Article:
I vividly remember the day when the Bank of England slashed base rates almost to zero percent in March 2009, at the height of the financial crisis. There was real fury out there, as savers realised the impact on their deposits.
They weren’t to blame for dodgy bankers playing high-risk roulette with other people’s money, and losing.
Yet they were the ones who footed the bill. Their reward for a lifetime of diligently putting money in the bank was close to zero.
In 2013, pressure group Save our Savers reckoned savers lost £220 billion worth of interest in the first four years as a result. That figure must now be in the trillions.
The Bank of England has destroyed retirements. Millions are still suffering. I’ve regularly blasted the BoE for mistreating savers, to no effect.
To make matters worse, it has lavished banks with free money, under the funding for lending (FLS) scheme and variants.
This has driven savings rates even lower, because the big banks just don’t need savers anymore.
The result is that until recently, Barclays, Lloyds, HSBC and NatWest were offering just 0.01 per cent on their easy access savings accounts, used by millions.
An incredible 13 years on, the BoE is finally starting to increase interest rates. They stood at 0.1 percent in December. This week, its monetary policy committee is expected to hike them from 0.75 per cent to one percent.
So what have the big banks done in response? Lloyds, HSBC and NatWest have grudgingly increases their easy access rates to a measly 0.1 percent. Wow, thanks.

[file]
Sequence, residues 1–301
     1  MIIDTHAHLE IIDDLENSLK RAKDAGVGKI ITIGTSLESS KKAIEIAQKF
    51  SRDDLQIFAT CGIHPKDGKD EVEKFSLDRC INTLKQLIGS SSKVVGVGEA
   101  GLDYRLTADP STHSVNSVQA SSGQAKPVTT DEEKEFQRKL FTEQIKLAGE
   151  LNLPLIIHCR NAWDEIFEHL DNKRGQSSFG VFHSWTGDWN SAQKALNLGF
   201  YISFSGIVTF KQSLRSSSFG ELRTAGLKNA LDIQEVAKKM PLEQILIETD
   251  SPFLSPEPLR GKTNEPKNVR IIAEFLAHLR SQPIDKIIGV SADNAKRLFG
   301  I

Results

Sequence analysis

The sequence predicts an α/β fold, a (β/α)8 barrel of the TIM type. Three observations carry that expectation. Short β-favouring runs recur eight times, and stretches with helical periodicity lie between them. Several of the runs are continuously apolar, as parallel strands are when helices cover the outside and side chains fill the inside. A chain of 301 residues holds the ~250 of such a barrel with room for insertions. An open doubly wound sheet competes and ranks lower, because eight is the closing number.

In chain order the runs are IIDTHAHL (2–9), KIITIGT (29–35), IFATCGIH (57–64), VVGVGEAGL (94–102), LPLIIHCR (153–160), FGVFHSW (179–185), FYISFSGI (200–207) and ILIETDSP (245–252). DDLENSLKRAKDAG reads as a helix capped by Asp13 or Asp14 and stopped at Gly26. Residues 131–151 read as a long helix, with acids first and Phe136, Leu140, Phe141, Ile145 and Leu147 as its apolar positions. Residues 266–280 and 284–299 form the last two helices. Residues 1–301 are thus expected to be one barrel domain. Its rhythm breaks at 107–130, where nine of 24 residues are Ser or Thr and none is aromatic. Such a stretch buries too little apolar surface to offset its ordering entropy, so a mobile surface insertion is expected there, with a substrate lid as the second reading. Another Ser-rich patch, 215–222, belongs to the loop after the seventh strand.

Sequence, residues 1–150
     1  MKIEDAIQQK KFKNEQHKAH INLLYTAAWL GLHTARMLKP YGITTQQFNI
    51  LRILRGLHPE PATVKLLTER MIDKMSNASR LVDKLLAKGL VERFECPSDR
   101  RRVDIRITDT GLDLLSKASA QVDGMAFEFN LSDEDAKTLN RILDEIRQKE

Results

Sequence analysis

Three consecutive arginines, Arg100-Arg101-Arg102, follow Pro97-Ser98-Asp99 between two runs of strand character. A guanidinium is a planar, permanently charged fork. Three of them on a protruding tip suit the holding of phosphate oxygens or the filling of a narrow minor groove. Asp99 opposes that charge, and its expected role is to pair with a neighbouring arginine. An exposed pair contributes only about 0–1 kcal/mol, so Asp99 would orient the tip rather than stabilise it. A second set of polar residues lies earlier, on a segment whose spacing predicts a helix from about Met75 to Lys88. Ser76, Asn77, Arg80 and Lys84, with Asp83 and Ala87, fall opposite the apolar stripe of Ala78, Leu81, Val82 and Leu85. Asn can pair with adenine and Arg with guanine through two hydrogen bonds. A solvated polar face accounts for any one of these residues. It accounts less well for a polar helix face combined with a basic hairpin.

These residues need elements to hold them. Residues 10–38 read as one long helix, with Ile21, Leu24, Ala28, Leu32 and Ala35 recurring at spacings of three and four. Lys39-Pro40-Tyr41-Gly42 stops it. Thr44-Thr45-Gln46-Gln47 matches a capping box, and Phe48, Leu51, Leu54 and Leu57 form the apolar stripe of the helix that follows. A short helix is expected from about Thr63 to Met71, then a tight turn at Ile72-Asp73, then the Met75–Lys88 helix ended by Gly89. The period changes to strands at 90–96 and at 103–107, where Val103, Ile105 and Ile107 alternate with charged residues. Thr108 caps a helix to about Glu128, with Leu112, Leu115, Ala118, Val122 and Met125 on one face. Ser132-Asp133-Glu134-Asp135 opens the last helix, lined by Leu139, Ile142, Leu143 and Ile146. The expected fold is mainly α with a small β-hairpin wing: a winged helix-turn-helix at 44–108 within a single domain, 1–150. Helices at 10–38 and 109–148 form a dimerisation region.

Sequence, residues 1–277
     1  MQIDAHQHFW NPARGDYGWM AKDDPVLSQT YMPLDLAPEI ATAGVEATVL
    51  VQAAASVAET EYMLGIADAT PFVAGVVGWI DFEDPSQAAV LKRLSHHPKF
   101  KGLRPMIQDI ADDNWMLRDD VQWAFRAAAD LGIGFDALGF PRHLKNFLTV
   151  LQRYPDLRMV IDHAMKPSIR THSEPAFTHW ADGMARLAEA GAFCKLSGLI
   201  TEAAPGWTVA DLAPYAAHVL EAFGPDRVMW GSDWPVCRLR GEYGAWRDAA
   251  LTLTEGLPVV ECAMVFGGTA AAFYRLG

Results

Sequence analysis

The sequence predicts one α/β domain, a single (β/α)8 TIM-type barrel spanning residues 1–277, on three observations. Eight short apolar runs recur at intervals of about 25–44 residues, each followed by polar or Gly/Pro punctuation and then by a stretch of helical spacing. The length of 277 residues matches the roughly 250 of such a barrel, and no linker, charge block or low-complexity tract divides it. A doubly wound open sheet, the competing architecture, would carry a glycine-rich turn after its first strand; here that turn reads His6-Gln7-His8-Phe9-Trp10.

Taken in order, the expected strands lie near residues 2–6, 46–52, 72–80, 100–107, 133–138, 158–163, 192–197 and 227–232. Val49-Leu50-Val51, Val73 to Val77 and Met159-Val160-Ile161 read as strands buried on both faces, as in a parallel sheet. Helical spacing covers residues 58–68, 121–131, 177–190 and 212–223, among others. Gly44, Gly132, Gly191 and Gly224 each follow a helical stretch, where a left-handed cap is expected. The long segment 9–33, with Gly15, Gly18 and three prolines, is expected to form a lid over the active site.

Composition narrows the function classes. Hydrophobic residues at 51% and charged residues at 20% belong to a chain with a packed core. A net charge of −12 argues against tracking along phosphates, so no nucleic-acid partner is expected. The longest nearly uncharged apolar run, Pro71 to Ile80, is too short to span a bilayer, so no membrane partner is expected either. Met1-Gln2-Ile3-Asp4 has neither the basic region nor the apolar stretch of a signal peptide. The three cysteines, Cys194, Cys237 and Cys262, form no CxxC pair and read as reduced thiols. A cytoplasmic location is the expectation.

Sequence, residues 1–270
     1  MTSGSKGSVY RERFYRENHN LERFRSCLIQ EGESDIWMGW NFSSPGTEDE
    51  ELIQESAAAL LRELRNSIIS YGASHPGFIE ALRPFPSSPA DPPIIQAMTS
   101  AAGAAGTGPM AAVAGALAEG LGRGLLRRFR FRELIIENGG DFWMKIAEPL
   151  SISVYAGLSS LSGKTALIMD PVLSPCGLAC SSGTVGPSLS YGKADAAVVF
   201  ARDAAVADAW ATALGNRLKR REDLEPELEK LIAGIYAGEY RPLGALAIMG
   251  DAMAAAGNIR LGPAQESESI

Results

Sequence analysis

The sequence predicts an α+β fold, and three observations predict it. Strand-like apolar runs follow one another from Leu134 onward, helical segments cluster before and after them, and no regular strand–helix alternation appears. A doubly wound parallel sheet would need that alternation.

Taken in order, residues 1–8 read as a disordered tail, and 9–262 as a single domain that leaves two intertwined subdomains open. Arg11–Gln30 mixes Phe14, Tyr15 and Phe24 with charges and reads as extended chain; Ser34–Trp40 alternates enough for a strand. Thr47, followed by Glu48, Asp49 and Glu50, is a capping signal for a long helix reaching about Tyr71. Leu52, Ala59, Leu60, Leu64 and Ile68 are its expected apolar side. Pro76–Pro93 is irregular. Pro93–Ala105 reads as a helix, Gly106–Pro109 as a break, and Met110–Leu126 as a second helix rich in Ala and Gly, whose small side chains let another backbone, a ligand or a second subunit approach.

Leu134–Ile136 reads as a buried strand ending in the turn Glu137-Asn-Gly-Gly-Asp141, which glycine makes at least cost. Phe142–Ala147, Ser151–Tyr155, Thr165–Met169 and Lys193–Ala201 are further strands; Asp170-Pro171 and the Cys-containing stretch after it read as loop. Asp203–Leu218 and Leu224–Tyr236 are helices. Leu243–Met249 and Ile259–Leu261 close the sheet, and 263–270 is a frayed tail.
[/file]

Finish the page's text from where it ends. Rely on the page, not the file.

Barclays Everyday Saver still pays 0.01 percent, shamefully.
Thankfully, there is more to the savings market than the big, bad banks, otherwise we’d all be stuffed.
There is a swarm of challenger banks out there, desperately trying to make their mark by offering more attractive savings rates.
Rather than simply moaning about their ill-treatment, savers should vote with their feet and see if they can grab themselves a better return.
The current best buy easy access deal, the Chase Saver Account, launched by US bank JP Morgan, pays 1.49 percent.
Incredibly, that is 149 times the rate paid by Barclays Everyday Saver.
Aldermore pays 1.25 percent on easy access, Zopa offers 1.19 percent and Tandem 1.10 percent, according to figures from Moneyfacts.
Instant access cash Isa rates have picked up, too, with Cynergy Bank paying 1.05 percent, while Marcus by Goldman Sachs and Saga both pay one percent.
Listen, I know these aren’t great. Especially with inflation hitting 7 per cent in March. But they’re better than nothing (which is what the big banks are giving you).
You can get a higher return if you are willing to lock your money away for a bit. For example, another challenger, Shawbrook, now pays a fixed rate of 1.96 percent for 12 months.
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United Trust Bank pays a fixed rate of 2.50 percent a year for three years, while PCF gives you 2.75 percent for five years.
Again, these are well below the inflation rate, but at least the challenger banks are giving it a go.
Personally, I wouldn’t lock in for too long. Savings rates could rise even higher as the BoE hikes base rates to battle rampant inflation.
If I’m right, today’s improved rates could quickly look disappointing.
Savers are still right to feel resentful, but at least now they aren’t completely helpless.
If your bank is taking you for granted, fight back by switching to a bank that who does value your money.